A blog post by Rick Ungar at Forbes.com has been getting a lot of attention in the leftwingosphere:
In July of 1798, Congress passed – and President John Adams signed – “An Act for the Relief of Sick and Disabled Seamen.” The law authorized the creation of a government operated marine hospital service and mandated that privately employed sailors be required to purchase health care insurance.
Keep in mind that the 5th Congress did not really need to struggle
over the intentions of the drafters of the Constitutions in creating
this Act as many of its members were the drafters of the Constitution.
And when the Bill came to the desk of President John Adams for
signature, I think it’s safe to assume that the man in that chair had a
pretty good grasp on what the framers had in mind.
Here’s how it happened.
… The problem was that a merchant mariner’s job was a difficult and
dangerous undertaking in those days. Sailors were constantly hurting
themselves, picking up weird tropical diseases, etc.
The troublesome reductions in manpower caused by back strains,
twisted ankles and strange diseases often left a ship’s captain without
enough sailors to get underway – a problem both bad for business and a
strain on the nation’s economy.
But those were the days when members of Congress still used their collective heads to solve problems – not create them.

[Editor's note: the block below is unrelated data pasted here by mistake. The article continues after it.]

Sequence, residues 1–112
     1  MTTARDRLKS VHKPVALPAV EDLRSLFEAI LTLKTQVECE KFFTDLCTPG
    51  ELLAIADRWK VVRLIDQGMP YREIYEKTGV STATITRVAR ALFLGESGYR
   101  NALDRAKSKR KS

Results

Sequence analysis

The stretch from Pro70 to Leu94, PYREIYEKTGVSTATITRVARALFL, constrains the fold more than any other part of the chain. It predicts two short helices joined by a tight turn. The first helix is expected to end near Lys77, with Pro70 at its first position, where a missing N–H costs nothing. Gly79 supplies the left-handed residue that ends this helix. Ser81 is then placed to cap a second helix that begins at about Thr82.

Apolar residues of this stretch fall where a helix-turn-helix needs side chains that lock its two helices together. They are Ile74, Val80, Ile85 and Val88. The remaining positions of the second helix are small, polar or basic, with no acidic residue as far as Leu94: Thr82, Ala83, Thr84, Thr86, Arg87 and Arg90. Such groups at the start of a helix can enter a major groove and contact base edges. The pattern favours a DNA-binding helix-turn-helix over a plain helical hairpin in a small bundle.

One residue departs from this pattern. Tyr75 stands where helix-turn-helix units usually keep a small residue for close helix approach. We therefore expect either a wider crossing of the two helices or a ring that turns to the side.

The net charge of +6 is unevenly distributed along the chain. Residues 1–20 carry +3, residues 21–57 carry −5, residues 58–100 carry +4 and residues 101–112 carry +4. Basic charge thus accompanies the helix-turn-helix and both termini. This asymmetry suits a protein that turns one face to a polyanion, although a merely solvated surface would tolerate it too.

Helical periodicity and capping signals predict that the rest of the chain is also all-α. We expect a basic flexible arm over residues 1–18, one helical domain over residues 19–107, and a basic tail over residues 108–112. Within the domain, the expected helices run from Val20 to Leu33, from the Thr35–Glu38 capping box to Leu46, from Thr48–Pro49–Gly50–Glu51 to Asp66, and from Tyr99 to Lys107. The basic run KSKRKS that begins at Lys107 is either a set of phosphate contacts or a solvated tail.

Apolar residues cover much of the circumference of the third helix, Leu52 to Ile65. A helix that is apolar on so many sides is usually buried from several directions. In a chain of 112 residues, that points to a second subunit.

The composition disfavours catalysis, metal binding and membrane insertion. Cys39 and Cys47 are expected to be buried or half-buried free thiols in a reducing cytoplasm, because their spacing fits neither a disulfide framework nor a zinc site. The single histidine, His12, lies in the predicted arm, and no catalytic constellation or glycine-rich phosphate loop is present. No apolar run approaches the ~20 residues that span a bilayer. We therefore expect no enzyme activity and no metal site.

Realizing that a healthy maritime workforce was essential to the
ability of our private merchant ships to engage in foreign trade,
Congress and the President resolved to do something about it.
The law itself is very interesting, and since it is only five paragraphs long (as opposed to 2,400 pages) it is worth your time to read. It establishes a payroll tax on merchant sailors, with the provision that merchant ships will not have their licenses renewed without an accounting of the tax that was collected. The money would be used for the treatment of merchant sailors at established hospitals, and money collected in each port district could only be used in that district. Any surplus monies were to be held by the US government and used to expand existing facilities or build new hospitals. And all decisions involving the appropriation of the collected revenues were to be made personally by the President.
However, a true modern analog to this law would probably be our current occupational health and safety system (i.e. OSHA), and not ObamaCare. The government has been enforcing workplace practices that limit exposure to health and safety hazards for forty years, and few would argue that workplace safety is tantamount to socialism. A healthy workforce certainly enhances the “general welfare” of the nation, which is clearly a responsibility of our government and certainly what Congress and President Adams had in mind back in 1798.
The fact still remains — if the Founding Fathers had wanted medical care for every resident of the United States to be an enumerated power of the Federal government, they would have included it in the Constitution.